In fact, the term ‘rule of law’ is well placed in the Constitution of Bangladesh. Its Preamble states the ‘rule of law’ as one of the objectives to be attained. The Preamble, inter alia, says “....it shall be a fundamental aim of the State to realise through the democratic process a socialist society, free from exploitation – a societyin which the rule of law, fundamental human rights and freedom, equality and justice, political, economic and social, will be secured for all citizens.”
In accordance with the above pledge, the following positive provisions for rule of law have been incorporated in the Constitution:
Firstly: Article 27 guarantees that all citizens are equal before law and are entitled to equal protection of law. Article 27, therefore, forbids discrimination in law or in State actions.
Secondly: Article 31 guarantees that to enjoy the protection of the law, and to be treated in accordance with law, and only in accordance with law, is the inalienable right of every citizen, wherever he may be, and of every other person for the time being within Bangladesh, and in particular no action detrimental to the life, liberty, body, reputation or property of any person shall be taken except in accordance with law. Article 31 imports the concept of due process, both substantive and procedural, and thus prohibits arbitrary or unreasonable law and State action.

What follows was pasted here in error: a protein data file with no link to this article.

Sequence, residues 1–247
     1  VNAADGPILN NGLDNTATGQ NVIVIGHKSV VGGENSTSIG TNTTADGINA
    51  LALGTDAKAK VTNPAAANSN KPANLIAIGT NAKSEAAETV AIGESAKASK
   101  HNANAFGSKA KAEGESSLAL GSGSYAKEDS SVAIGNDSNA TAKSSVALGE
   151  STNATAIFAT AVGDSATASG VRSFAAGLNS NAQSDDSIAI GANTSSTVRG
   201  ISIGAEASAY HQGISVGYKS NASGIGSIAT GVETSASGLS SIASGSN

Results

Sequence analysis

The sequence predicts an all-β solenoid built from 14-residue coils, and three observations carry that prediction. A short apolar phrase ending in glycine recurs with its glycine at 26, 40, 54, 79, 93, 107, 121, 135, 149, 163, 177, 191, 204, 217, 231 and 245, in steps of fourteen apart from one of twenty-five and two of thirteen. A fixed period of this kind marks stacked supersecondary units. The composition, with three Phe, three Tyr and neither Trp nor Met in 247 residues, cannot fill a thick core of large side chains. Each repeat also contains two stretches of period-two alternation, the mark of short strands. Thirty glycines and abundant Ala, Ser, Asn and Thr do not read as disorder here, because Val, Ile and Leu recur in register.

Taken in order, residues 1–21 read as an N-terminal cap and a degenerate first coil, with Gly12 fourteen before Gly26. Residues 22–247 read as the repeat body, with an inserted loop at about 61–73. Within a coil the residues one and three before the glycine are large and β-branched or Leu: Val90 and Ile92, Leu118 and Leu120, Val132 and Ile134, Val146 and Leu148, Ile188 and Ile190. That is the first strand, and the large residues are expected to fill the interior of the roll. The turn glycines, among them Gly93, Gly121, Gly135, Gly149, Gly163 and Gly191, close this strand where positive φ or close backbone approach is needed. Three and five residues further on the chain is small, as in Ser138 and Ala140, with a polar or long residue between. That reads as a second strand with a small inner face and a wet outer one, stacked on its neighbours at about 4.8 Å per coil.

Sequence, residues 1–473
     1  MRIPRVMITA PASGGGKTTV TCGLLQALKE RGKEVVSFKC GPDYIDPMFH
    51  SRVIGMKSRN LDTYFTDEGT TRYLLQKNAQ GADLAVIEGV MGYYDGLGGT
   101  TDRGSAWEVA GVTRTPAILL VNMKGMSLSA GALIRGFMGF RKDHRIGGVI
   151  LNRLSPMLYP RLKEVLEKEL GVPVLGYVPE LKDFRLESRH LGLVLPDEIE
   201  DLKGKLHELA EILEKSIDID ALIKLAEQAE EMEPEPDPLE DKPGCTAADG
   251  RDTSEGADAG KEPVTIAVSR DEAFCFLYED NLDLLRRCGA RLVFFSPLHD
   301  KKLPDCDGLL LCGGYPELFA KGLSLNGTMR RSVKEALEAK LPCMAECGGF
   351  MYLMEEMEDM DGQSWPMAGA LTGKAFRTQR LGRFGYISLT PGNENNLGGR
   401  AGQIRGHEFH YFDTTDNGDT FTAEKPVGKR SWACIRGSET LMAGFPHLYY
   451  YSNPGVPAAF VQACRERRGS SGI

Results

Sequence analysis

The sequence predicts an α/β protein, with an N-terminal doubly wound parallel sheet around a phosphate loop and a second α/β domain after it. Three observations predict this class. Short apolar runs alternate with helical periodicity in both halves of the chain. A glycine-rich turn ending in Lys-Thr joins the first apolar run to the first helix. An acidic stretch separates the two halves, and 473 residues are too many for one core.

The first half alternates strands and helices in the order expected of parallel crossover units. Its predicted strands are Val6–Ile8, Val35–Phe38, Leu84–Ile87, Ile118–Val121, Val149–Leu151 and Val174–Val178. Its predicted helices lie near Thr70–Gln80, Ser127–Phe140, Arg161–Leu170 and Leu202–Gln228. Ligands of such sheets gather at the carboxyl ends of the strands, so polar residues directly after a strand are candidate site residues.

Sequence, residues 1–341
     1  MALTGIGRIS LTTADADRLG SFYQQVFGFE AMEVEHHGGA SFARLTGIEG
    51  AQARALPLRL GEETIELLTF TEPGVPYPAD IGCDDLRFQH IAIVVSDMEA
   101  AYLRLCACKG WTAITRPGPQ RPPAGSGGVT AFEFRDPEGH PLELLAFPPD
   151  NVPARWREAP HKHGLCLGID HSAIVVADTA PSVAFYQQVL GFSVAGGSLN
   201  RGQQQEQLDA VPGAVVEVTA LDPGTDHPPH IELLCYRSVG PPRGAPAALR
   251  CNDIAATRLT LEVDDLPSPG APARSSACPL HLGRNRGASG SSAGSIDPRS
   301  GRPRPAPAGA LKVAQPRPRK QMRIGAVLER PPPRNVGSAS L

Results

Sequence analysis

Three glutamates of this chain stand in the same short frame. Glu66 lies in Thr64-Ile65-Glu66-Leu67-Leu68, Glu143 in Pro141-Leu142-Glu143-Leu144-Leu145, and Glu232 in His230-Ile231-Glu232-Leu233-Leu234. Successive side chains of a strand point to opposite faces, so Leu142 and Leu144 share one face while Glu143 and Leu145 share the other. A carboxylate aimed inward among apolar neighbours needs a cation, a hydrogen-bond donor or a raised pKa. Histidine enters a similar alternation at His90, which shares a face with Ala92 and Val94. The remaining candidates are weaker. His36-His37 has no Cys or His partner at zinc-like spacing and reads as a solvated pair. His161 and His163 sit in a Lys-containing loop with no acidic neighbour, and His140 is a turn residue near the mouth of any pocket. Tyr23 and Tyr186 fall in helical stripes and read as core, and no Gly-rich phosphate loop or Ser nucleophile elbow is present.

Thirdly: around 18 fundamental rights have been guaranteed in Part III of the Constitution and constitutional arrangement for their effective enforcement has been ensured in Article 44 (right to move to the High Court) and 102 (power of the High Court to take appropriate action upon application).
Fourthly: Article 7 and 26 impose limitation on Parliament that no law which is inconsistent with any provision of the Constitution can be passed. Article 7(2) confirms that if any other law is inconsistent with the Constitution that other law shall, to the extent of the consistency, be void.
Fifthly: In accordance with Article 7, 26 and 102(2) of the Constitution, the Supreme Court exercises the power of judicial review whereby it can examine the extent and legality of the actions of both the executive and legislature and can declare any of their actions void if they go beyond their limit.
Sixthly: the people’s right to be governed by a representative body answerable to them has, directly and indirectly, been ensured under Article 7(1) [all power belong to the people, Article 11 (The Republic shall be a democracy where, among others, fundamental human rights shall be guaranteed), Article 55 (Cabinet), Article 56 (Ministers), 57 (tenure of the office of the Prime Minister), and Article 65(2) [composition of Parliament] of the Constitution.
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